Going BIG with strategic planning

By Sarah Rose Evans

A new strategic planning project aims to create more support for students, faculty

The Bold, Innovative Growth for Multiples Modalities (BIG) Strategic Planning Project will not only be big in scope, but also in impact. Students, staff, and faculty will all see benefits of innovative growth at Portland Community College.

“When we began the strategic planning process,” said Loraine Schmitt, PCC’s executive dean of Academic & Student Affairs Innovation & Technology, “we knew that redefining the time, place, and systems of educational delivery at PCC would be important. When the pandemic hit during the process, we realized it would be critical.”

The BIG project has multiple components, one of which is growing online, remote and hybrid courses offerings, as well as strategically making degree and certificate paths more accessible.

“COVID was an inflection point in understanding why it’s so important to help students fit education in their lives,” Schmitt said. “Flexibility and convenience sound casual, but they are about meeting basic needs and managing family and professional lives. It’s about childcare, transportation, and work schedules. Being online makes education possible.”

More options for students, more support for faculty

Heather Guevara, the dean of online learning, will be leading a team to create more online and hybrid programs and increase access to degrees or certificates that help students find living-wage jobs.

“We want to offer more flexible options beyond a traditional class schedule between nine to five, Monday through Friday, “Guevara said. “Our team is excited about increasing access to high-demand CTE programs and to populations that have not been served before. Not everything can be taught online, but that’s what good course design allows for. If the college cannot achieve desired outcomes online, it may be offered as a hybrid course. We need to find the right balance for which pieces we make remote, so things are as flexible as possible and course outcomes can still be met.”

Guevara added that she wants faculty to be able to focus on excellence in teaching and being present in their classes, without being interrupted by technical issues. ​​High-quality course design will keep things working in their online classes. This allows faculty to focus on their field of expertise, connecting with students and getting them excited about the course material.

New technology for learning

Andy Freed, director of learning technologies and innovation, will also be managing two of the components of the BIG project: learning technologies and innovation, as well as online student support.

His team will work on a range of projects, including rolling out new training for the use of technology in education, creating a unified instructional support desk for both students and instructors and developing an innovation process, which will allow the college to try new things before selecting technologies to scale up across the district.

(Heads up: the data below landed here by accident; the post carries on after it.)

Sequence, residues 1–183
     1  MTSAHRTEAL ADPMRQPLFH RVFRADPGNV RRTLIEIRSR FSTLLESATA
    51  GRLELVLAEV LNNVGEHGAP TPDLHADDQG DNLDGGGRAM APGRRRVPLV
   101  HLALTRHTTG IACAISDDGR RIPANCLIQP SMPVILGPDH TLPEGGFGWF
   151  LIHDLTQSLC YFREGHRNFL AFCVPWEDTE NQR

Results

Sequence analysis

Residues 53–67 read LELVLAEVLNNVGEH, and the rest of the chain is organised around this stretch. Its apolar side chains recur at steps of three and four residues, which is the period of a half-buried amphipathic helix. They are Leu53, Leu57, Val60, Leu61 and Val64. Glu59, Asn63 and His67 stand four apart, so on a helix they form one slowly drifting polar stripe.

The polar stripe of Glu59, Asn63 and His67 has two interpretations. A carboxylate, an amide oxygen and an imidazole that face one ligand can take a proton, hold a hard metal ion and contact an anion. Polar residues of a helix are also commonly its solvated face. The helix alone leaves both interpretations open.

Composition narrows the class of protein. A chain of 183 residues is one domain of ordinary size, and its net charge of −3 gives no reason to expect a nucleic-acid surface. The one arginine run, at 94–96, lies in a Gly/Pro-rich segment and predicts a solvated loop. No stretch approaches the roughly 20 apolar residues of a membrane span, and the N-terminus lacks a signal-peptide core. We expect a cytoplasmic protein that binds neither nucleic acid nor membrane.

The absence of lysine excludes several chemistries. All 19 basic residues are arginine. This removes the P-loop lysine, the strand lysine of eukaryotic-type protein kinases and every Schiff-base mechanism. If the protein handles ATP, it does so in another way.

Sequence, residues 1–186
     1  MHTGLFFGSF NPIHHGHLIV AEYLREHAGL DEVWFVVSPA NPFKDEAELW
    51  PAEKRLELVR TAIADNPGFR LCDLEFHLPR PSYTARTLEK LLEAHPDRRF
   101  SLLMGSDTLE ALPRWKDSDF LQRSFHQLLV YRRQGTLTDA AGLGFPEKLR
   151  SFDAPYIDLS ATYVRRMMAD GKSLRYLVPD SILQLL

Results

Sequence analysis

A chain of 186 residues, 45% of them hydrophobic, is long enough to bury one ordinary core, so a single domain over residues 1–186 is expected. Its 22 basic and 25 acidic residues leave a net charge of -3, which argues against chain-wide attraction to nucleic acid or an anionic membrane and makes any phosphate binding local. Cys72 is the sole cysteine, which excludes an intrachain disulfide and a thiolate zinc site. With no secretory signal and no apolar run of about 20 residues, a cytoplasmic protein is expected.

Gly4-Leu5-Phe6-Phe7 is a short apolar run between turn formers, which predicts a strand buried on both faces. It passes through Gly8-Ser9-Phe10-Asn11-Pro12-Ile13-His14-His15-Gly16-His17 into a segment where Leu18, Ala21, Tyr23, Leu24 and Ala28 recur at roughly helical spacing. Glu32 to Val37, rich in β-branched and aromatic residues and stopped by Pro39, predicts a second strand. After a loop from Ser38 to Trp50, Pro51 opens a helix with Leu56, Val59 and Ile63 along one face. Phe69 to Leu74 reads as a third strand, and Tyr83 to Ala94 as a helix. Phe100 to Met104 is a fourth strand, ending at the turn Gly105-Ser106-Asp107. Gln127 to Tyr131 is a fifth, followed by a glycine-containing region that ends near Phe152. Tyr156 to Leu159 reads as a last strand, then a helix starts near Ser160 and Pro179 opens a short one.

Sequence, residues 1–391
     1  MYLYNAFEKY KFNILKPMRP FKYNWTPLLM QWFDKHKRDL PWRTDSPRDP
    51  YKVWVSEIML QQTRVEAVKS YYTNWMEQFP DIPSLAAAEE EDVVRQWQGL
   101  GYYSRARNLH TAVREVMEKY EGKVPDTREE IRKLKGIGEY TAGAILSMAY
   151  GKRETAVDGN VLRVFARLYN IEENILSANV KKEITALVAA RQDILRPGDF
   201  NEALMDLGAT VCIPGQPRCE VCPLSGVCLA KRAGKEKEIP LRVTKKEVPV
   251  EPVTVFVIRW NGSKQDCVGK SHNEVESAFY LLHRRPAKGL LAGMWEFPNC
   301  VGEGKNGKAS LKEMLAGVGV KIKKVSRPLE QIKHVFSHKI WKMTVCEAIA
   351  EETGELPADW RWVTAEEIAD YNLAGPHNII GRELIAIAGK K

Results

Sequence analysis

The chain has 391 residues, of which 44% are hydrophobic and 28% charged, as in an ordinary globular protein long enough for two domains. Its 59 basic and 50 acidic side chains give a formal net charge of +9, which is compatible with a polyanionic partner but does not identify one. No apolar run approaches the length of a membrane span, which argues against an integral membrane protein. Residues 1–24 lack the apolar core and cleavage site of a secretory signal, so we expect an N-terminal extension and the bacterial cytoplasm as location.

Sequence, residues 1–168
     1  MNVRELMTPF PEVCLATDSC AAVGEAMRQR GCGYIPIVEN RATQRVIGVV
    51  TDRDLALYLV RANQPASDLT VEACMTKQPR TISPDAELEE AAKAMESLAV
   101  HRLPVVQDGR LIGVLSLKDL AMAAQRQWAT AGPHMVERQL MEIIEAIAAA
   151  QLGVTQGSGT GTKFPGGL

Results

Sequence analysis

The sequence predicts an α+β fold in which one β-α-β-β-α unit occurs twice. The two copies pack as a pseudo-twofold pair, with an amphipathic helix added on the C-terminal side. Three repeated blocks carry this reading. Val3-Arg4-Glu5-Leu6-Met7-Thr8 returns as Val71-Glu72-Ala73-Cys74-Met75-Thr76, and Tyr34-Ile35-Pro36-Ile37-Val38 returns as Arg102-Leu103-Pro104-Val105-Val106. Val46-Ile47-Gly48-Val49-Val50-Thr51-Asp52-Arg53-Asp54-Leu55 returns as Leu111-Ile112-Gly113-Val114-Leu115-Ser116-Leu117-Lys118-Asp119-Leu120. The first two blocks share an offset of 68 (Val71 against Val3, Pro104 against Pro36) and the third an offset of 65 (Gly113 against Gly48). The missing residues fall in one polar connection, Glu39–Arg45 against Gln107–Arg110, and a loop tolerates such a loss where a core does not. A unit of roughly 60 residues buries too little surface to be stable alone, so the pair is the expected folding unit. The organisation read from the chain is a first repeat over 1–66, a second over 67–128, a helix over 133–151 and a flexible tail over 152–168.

“We’re looking forward to developing a new catalog of professional development around the use of technology in teaching,” Freed said. “One of the investments of the project may be funding to compensate part-time faculty for participation in select exploration and professional development opportunities.”

The college will also be creating a unified instructional support desk for a high-level of support.

“This structure will allow instructional technology specialists to have more opportunities to work directly with faculty on solving unique and innovative instructional challenges,” he said.

Freed envisions that the innovation process will spur pilot projects and allow for critical input from staff and faculty.

“We want to work with pathways, leadership and instruction to get feedback,” he continued. “Eventually, we hope to develop a space on campus for a try-before-you-buy opportunity for faculty to test new technologies out.”

Another project is developing around a redesign of online student support. Due to the lessons learned during the pandemic, many colleges are rethinking how they serve students, including online coaching for students who don’t have an in-person connection with their peers.

“It’s a way for us to bridge that as well as removing barriers for students,” Freed explained.

Getting student input as services are developed will be crucial to the rollout of the BIG Project. This will include student-led online advisory panel to help understand the issues most important to PCC students.

All together, the pieces of the BIG Project will help PCC innovate and evolve for the future of higher education.

This article originally was published here.

Sarah Rose Evans

is the strategic planning coordinator at Portland Community College.